James, the brother of the Lord, who, as there were many of this name, was surnamed the Just by all, from the days of our Lord until now, received the government of the church with the apostles. This apostle was consecrated from his mother’s womb. He drank neither wine nor fermented liquors, and abstained from animal food. A razor never came upon his head, he never anointed with oil, and never used a [public] bath. (Book 2, Chapter 23, 4-5).
From this we can see that James was raised a NAZARITE (see Numbers 6) from conception, much like Samson, Samuel and John the Baptist. But James took his devotion and commitment to the extreme. Hegesippus goes on to say,
He alone was allowed to enter the sanctuary [the Temple]. He never wore woolen, but linen garments. He was in the habit of entering the temple alone and was often found upon his bended knees, and interceding for the forgiveness of the people; so that his knees became as hard as camel’s. And indeed, on account of his great piety, he was called the Just, and Oblias (or Zaddick and Ozleam) which signifies justice and protection of the people; as the prophets declare concerning him. (Book 2, Chapter 23, 6-7).
James was an extreme Orthodox Jew who made sure to keep even the smallest detail, or as the expression goes, he “crossed his t’s and dotted his i’s.” So why would such an observant Orthodox Jew try to dissuade people from the law, when he, himself, obeyed it so zealously? The meaning that Christians give to James 2:10 violates not only the text, but also the person and beliefs of James, who wrote the epistle.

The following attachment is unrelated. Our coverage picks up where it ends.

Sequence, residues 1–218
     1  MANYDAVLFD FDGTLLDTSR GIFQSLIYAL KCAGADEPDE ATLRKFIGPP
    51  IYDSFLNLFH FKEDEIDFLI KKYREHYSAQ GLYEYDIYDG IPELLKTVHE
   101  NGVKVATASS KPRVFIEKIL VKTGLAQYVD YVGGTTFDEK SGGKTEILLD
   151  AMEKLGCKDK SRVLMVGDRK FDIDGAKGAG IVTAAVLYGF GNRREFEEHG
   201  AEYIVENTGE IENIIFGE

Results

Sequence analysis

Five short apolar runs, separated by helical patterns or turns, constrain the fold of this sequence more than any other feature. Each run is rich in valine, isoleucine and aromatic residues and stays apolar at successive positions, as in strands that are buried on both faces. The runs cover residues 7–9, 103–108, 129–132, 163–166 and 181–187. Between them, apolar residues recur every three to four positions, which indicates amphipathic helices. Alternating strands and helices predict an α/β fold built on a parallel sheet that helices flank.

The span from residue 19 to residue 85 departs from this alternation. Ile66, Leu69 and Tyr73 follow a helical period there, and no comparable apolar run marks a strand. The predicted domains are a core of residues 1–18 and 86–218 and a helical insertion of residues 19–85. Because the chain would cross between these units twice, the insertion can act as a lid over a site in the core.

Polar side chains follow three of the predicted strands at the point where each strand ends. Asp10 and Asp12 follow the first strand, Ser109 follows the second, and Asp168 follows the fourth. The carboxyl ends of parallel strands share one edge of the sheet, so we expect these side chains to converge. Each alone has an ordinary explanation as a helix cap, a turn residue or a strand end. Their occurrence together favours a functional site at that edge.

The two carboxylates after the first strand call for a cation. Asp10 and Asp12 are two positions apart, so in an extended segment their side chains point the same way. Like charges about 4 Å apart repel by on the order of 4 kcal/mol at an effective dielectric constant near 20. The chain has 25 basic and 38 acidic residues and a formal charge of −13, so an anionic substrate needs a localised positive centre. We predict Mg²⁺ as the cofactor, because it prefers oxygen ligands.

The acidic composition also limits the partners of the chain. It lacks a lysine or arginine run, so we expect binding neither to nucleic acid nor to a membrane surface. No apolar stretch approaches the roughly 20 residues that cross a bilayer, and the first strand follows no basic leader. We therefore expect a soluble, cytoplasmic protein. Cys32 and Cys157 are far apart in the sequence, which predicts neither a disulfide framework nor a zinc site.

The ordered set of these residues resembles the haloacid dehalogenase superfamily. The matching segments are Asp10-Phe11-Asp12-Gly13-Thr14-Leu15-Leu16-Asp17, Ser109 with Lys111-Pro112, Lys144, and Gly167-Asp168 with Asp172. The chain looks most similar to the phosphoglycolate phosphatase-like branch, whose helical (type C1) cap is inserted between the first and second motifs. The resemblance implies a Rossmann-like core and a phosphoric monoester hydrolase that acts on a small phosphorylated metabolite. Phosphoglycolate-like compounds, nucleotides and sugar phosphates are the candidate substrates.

So to see James’ true intent in making this statement, let’s put it back into its original context.
If, however, you are fulfilling the royal law [God’s commandments given at Mt. Sinai], according to the Scripture, “You shall love your neighbor as yourself” [Leviticus 19:18; qtd. by Jesus (Matthew 5:43; 19:19; 22:39; Mk. 12:31, 33), by Paul, Romans 13:9; Galatians 5:14)], you are doing well. But IF YOU SHOW PARTIALITY, you are committing sin and are convicted by the law as transgressors. For whoever keeps the whole law and yet stumbles in one point, he has become guilty of all. (James 2:8-10; Emphasis Mine)